The Wild Salmon Caravan project celebrates the spirit of wild salmon through arts and culture and raises awareness of the important role that Indigenous Peoples play in its conservation. Wild salmon is the most important cultural and ecological keystone species in the 27 Nations of Indigenous Peoples who are the original inhabitants of the Pacific NorthWest of Turtle Island. The Caravan is an annual celebration hosted by Indigenous Communities who host ceremonies, feasts, and community forums. The mission of the Caravan is to revitalize inter-tribal relationships in networks where the strength of Indigenous fisheries governance knowledge lives.
For thousands of years, the wild salmon have been our most important Indigenous food and cultural and ecological keystone species that feeds the entire Pacific and Inland Temperate Rainforests. Wild salmon are an indicator of the health and integrity of the Indigenous land and food system on which the health and functioning of the agro-ecological system is interdependent. They feed many species including the bears, the wolves, the eagles, the forests, our families and communities.
The ability of our communities to respond to the many environmental and socio-economic issues threatening wild salmon is intimately linked to the strength, resiliency and ability of wild salmon to overcome the many odds they face along their journey to the Salish Seas and home again to spawn and nurse in the rivers, lakes, and streams of the Fraser Basin. In this respect, the WSC will bring deeper meaning and understanding to truth and reconciliation in a way that words cannot confer.
The main purpose of the Wild Salmon Caravan is to build capacity of coalitions and campaigns that link Indigenous and non-Indigenous peoples, artists, food systems networks, individuals, organizations, and communities who are working to protect, conserve and restore wild salmon and its habitat in the Fraser Basin and Salish Seas corridor.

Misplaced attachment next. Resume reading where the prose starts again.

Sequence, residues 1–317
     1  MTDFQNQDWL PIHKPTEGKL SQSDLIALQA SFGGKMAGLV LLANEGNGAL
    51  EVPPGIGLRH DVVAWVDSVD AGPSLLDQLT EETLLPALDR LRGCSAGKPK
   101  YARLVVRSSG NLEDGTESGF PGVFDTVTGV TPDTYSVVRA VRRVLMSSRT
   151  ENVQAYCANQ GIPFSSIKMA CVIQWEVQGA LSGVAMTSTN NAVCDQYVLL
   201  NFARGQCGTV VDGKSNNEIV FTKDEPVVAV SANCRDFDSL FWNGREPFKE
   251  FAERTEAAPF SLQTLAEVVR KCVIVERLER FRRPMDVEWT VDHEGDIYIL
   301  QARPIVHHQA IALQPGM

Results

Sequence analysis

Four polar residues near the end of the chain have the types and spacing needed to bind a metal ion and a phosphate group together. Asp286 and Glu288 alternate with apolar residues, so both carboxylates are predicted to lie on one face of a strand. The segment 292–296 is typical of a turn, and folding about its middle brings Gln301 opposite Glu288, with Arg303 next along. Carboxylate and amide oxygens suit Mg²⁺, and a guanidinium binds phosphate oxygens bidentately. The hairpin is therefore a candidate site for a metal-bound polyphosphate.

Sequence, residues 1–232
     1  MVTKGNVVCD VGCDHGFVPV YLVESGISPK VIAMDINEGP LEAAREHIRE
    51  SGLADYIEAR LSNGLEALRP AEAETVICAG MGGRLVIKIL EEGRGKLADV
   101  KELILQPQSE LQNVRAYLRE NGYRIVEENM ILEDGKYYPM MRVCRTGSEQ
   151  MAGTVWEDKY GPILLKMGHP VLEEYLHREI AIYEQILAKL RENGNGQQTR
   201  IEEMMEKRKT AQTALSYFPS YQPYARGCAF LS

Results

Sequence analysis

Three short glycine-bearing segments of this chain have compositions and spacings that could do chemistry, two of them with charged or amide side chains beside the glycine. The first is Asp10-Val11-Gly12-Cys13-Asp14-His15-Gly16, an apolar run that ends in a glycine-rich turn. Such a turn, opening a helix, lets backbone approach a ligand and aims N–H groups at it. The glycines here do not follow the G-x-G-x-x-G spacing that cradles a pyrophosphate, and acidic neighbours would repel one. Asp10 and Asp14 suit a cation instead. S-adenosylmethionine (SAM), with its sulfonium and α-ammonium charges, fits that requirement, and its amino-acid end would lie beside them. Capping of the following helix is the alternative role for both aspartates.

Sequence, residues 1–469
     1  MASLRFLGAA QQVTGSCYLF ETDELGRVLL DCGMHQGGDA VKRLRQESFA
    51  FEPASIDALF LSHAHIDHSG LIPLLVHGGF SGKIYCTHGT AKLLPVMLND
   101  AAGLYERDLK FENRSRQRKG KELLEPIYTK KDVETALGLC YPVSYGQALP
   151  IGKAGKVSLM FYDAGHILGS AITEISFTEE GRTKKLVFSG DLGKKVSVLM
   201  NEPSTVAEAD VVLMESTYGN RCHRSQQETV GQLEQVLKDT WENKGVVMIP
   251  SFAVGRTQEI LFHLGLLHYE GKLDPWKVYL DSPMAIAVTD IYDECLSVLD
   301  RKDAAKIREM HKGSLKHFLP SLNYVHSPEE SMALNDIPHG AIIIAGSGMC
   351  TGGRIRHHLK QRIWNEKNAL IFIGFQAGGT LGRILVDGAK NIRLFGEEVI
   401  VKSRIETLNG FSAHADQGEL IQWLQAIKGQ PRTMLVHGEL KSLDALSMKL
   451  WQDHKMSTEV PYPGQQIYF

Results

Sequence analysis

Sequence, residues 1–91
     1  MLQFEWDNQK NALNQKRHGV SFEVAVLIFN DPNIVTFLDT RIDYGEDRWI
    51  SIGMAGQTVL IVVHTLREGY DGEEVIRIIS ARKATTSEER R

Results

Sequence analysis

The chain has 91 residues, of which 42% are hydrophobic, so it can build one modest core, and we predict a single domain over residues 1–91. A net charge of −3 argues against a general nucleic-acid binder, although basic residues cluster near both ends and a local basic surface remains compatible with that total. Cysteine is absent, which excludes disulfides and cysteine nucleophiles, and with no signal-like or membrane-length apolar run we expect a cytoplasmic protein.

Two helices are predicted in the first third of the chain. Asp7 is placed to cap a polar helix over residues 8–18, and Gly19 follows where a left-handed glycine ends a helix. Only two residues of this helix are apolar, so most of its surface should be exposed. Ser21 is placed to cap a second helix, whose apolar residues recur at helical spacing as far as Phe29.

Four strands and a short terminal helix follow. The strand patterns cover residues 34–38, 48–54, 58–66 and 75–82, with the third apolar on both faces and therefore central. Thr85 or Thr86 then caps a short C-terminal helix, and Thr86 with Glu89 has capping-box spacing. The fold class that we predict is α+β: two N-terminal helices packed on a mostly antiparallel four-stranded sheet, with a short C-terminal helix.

The vision of the Wild Salmon Caravan is to nurture the creative energy that wild salmon have inspired through the ages, and affirm inter-tribal relationships that are the foundation of Indigenous trade economies and wild salmon knowledge, wisdom and values.
The core values of the Wild Salmon Caravan are rooted on principles of collaboration, ancestral memories, and intrinsic connection to lands and water ways to educate, inform, and transform the darkness surrounding the industrial storm that is endangering wild salmon.
Ancient ceremonies and songs of Coast and Interior Salish peoples, as well as creative expressions of visual and performing arts, will call the wild salmon home to the rivers, lakes, and streams of the Fraser Basin and Salish Sea corridor where they play out their lives in birth and death.